“‘Let My People Think’: Remembering Ravi Zacharias (1946-2020) and the Importance of the Life of Faith and the Life of the Mind”
“Zacharias: My Tribute to a Distant Intellectual Mentor and Teacher”
The famed Christian philosopher and apologist Dr. Ravi Zacharias has recently been diagnosed with terminal cancer. We do not know how long he’s going to be with us. As a result, I would like to share a brief testimony with you about how Dr. Zacharias has transformed my life. This is also a way for me to pay a tribute to him.
When I was in College, I began to listen to Ravi Zacharias regularly through his international radio program called “Let My People Think.” Literally, I listened to his philosophical talks every day, both before and after class. He would captivate my mind through his vast knowledge, critical reasoning, and intellectuality. In the process, Dr. Zacharias has become instantly my distant intellectual teacher and mentor. It was through his philosophical and religious writings and lectures that I have learned about the most important philosophers, both from the East and the West. He was through him that I encountered the most leading ideas in the world of philosophy and religious studies (i.e. Hinduism). For example, he introduced me to the central ideas of Plato, Socrates, Aristotle, Nietzsche, Bertrand Russell, C.S. Lewis, Rousseau, Voltaire, Hume, Sartre, Dewey, Plantinga, Lennox, Craig, Foucault, Derrida, Rorty, James, etc.
Although I took four philosophy classes in College, Ravi was my best philosophy teacher. After I graduated from College, I applied to the University of South Florida to pursue an M.A. in (analytical) philosophy. (Unfortunately, I did not enroll in the philosophy program there.) His impact was so strong on me that I wanted to study philosophy professionally and at the academic level.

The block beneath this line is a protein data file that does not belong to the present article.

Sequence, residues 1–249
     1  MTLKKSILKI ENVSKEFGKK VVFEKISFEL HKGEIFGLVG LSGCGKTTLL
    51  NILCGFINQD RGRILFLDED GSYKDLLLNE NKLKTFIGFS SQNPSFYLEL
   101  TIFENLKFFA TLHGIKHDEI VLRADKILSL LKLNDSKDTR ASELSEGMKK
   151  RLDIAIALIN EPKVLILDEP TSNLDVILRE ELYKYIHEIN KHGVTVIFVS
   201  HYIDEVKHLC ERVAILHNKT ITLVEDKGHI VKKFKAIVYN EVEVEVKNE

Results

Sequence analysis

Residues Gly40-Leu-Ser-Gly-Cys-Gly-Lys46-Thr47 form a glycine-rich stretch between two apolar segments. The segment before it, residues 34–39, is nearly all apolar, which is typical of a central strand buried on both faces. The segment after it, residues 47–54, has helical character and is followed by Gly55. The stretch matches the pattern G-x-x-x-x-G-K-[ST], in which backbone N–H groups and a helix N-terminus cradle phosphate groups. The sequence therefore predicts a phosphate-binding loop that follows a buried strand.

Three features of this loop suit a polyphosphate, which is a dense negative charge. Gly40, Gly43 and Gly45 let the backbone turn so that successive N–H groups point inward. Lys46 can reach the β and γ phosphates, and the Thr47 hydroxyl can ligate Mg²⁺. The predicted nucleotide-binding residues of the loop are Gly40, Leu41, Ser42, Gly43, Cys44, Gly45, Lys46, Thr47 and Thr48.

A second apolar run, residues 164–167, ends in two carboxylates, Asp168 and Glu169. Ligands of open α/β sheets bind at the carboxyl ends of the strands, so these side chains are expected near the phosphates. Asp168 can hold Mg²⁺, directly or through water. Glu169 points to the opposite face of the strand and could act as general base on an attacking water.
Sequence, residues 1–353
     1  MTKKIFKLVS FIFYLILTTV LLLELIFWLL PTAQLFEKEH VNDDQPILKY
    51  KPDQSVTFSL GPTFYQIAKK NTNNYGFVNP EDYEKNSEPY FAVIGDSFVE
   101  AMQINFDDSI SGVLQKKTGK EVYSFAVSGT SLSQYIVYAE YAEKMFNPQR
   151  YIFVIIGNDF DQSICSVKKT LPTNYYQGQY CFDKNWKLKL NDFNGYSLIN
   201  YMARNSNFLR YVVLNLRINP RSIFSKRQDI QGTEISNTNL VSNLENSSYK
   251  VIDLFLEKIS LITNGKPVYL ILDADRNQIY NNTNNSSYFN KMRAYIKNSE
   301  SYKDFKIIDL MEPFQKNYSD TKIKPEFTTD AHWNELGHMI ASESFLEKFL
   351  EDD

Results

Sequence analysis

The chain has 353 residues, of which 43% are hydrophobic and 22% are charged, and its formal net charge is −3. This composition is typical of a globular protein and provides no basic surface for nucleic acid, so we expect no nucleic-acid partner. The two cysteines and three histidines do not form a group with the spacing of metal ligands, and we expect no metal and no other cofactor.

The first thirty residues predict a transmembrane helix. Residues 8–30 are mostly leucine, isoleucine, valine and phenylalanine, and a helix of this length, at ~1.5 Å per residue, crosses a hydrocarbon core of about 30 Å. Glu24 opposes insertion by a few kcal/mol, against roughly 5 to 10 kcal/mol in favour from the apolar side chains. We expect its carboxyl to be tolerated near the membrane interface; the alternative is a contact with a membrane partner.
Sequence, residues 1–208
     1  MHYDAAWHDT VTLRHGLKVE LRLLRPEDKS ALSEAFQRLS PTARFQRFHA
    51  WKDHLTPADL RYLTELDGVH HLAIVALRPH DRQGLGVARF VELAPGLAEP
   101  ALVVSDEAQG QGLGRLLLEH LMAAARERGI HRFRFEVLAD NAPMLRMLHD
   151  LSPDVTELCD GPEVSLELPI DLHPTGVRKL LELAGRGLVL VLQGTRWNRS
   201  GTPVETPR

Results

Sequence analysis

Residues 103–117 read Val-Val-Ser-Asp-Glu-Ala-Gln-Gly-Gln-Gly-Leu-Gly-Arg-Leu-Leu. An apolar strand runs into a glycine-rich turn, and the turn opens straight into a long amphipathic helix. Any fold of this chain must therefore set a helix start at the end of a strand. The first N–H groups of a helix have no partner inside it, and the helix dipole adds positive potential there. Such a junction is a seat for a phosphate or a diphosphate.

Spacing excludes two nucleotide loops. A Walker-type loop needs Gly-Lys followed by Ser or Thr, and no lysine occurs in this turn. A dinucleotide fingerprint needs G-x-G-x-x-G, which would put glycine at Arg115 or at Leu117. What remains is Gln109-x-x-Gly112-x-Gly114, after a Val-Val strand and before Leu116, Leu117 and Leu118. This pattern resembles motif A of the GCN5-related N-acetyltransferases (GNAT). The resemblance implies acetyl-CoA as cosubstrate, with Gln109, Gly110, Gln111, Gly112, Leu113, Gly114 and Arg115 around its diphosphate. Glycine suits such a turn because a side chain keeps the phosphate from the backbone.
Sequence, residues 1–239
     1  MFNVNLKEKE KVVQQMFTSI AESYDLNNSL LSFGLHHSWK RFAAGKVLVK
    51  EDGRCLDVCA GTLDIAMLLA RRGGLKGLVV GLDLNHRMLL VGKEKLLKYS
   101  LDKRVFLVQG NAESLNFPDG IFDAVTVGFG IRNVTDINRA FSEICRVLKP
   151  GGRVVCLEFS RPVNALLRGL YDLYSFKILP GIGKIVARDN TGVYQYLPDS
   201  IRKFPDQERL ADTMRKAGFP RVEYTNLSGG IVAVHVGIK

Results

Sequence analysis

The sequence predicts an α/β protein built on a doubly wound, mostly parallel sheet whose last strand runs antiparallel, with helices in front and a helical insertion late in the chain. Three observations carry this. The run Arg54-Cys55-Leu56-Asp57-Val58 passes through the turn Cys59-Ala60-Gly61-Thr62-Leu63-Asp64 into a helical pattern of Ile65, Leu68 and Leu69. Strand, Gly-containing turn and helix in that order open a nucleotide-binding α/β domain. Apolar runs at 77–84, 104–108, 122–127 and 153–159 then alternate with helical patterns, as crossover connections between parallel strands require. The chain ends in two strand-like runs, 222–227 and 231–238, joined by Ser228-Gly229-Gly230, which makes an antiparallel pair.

I must admit that Dr. Zacharias has become the most influential Christian thinker in my life. Language is not adequate to describe his impact on my intellectual development and analytical thinking. In the time of tape recording, I purchased literally every series he produced such as his famous philosophical lecture series at Ohio State University: “Jesus Among Other Gods,” as well as his thought-provoking lecture “Why I am a Christian,” in which he used analytical method and reasoning to argue for theism by deconstructing atheistic ideas in Western Philosophical tradition.
It was Mr. Zacharias who had fueled in me a passion to study in great detail the historicity of the New Testament Gospels, to test the validity of the texts of the New Testament, and to critically evaluate the claims of the resurrection of Jesus. As an Indian philosopher, he had also introduced me to another philosophical tradition beyond the West: Indian Philosophy. He has helped me to explore another worldview and to see the world intellectually from different epistemological lenses. Not only have I learned from him some of the greatest thinkers and philosophers India has produced; he had sparked the fire in me to learn more about Hinduism and Indian poetry and literature. It was also through Zacharias’s rich interdisciplinary knowledge and his impressive expertise on various religious traditions that I became interested in other religious traditions closer to home such as the Haitian Vodou.
Today, my heart is in pain because my teacher and mentor Ravi Zacharias, who had taught me many viable lessons about the life of the mind and the life of the soul (as he himself a devoted follower of Jesus Christ), is dead. I pray that your wife Margie and three children and friends will find peace and comfort in these difficult times. I also invite you to pray urgently and fervently for the Zacharias family. May your family and friends find strength and consolation in God in this time of transition! You have touched many lives for good and nurtured millions of individuals to think critically about the relationship between the life of faith and the life of the mind!
Peace and Blessings,
Dr. Celucien L. Joseph